MARGATE – Residents and visitors to the Amherst Avenue restaurant and marina district will have to walk, bike or Uber to their favorite eatery or dock this summer as the city closed off 25 parking spaces Thursday along the south end of Amherst Avenue.

“The police chief took it upon himself to initially block off the area and it was confirmed by the commissioners at a meeting today,” Administrator Richard Deaney said late Thursday afternoon.

In all, about 25 parking spaces, included two handicapped spots, will be barricaded throughout the summer for safety reasons, he said. The city also recently lost several parking spaces at the north end of the avenue due to reconstruction at two marinas.

“We just found out the city has blocked parking on Amherst due to the ‘failing bulkhead.’ Time to walk, bike, or Uber,,,” restaurant owner Cookie Till posted on the Steve & Cookies By the Bay Facebook page.

Amherst Avenue resident Jeff Selverian, who has lived in the bayfront neighborhood since 2000, said it won’t affect him because he has off-street parking, but the restaurants and marinas will be greatly affected.

“They should have fixed this years ago. It’s been sinking for years. It’s a shame for the boat owners and businesses,” he said.

Steve & Cookies and Lamberti’s are the most affected restaurants, but each has its own parking lot. Residents living along Amherst Avenue and the marinas will also be affected, but access to the docks is available from Lamberti’s.

Deaney said City Engineer Ed Walberg of Remington, Vernick and Walberg and others inspected the bulkhead between Lamberti’s restaurant and Margate Marina on Wednesday and deemed it a potential hazard.

“There’s no doubt people will be inconvenienced, but we’d rather see that than have a catastrophic failure of the bulkhead,” Walberg said. “It’s a public safety issue.”

Over the last several months, the commissioners discussed a temporary fix that would fill in areas behind the bulkhead that have washed away with crushed seashells, but the bulkhead is in such disrepair a permanent fix is needed, he said.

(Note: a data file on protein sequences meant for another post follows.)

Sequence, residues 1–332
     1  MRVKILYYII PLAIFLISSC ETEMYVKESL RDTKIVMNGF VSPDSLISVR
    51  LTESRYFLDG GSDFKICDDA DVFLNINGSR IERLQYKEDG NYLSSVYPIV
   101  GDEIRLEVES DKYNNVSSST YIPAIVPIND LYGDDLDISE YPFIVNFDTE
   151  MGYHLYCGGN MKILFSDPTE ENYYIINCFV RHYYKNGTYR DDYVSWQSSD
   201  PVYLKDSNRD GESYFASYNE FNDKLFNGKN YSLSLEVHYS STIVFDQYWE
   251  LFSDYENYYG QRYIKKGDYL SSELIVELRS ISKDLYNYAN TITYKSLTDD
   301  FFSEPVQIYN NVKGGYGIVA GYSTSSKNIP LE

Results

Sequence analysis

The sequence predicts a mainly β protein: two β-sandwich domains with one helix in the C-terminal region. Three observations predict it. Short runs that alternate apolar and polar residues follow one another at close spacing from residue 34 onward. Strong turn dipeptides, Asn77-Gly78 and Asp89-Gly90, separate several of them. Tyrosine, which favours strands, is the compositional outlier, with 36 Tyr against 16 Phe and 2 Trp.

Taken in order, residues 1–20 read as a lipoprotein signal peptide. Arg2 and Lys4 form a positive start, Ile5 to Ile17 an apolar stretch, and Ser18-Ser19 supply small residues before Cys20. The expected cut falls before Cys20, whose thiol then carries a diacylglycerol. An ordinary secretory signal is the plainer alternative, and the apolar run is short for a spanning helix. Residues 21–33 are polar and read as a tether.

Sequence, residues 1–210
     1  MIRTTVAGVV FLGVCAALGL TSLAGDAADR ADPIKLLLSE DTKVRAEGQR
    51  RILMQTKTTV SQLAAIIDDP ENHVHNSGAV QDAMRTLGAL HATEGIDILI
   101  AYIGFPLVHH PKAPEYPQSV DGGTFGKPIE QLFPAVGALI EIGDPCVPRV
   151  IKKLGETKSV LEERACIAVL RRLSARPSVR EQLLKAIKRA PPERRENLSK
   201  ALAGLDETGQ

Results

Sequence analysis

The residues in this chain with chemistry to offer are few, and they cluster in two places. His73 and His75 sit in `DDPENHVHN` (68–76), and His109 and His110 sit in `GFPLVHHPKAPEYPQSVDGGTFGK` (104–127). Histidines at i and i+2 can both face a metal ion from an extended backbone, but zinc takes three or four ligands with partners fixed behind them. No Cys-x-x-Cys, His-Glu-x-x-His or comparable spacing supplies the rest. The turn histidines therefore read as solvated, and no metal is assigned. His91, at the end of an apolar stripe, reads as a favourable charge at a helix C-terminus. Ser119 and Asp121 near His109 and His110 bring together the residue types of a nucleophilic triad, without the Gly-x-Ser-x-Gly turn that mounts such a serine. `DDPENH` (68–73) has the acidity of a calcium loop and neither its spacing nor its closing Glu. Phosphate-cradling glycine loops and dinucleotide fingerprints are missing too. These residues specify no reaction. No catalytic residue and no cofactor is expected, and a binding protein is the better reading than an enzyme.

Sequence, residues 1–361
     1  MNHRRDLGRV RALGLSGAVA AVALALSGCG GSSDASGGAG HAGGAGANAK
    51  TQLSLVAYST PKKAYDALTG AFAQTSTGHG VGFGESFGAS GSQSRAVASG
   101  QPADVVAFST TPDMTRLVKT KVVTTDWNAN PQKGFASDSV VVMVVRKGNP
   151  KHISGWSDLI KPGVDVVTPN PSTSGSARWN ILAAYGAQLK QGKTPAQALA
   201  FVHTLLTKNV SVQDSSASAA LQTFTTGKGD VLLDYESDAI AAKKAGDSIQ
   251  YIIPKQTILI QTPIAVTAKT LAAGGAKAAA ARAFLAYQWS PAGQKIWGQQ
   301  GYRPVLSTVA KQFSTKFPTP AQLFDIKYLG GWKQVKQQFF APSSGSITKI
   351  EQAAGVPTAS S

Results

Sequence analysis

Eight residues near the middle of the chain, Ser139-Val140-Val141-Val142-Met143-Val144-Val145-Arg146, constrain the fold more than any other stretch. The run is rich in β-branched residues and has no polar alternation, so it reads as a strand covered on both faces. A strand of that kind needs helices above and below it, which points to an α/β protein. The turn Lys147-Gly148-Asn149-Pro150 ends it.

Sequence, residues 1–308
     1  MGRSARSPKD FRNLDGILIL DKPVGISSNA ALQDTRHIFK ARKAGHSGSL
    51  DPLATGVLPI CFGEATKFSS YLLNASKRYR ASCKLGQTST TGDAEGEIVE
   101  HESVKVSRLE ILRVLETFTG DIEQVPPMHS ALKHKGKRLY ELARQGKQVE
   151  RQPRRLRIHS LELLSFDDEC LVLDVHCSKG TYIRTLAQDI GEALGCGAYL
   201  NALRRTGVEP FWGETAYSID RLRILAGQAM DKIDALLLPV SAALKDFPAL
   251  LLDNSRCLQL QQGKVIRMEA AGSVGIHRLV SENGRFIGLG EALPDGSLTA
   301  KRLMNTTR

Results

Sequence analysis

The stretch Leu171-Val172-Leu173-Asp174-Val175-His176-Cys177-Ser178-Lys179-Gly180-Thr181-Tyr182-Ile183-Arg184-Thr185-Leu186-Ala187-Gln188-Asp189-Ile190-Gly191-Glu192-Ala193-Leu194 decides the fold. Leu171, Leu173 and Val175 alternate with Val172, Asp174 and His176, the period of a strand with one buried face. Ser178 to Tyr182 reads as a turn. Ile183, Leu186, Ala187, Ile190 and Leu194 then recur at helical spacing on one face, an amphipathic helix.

“It’s in really bad shape and beyond temporary repair,” Walberg said. “We are really concerned that the motion of vehicles would cause the pavement to cave in.”

The process of obtaining bids to replace the bulkhead and rebuild parking will take several months and lead time in obtaining materials means the work cannot start until after summer.

Several years ago, the city applied to the NJ Department of Environmental Protection and the U.S. Army Corps of Engineers for an estimated $3 million grant but the request was denied, Deaney said.

Now, the Board of Commissioners will have to fund the work through an emergency appropriation and issue bonds to pay for it.

Two developers who are rebuilding further down the road are paying to replace their sections of city owned bulkhead at their own cost. Lamberti’s is also considering rebuilding.

“The city today decided to pursue negotiations with Arthur W. Ponzio and Associates who applied for permits to replace the bulkhead at Lamberti’s,” Deaney said.

The city will ask Lamberti to immediate rebuild 230 feet of bulkhead under the restaurant, which is leased from the city.

“Lamberti’s lease states that he is responsible for the bulkhead, so the solicitor will give him notice that the work has to be done,” Deaney said.

The Planning Board has already granted Lamberti’s the approvals to tear down and rebuild the restaurant, Deaney said.

“The commission authorized the purchase of the plans so we can pursue replacing the remaining bulkhead,” he said.

While the city is negotiating, planning, bidding and bonding for the work, residents and visitors are advised to walk, bicycle or take Uber to their dining and fishing destinations.

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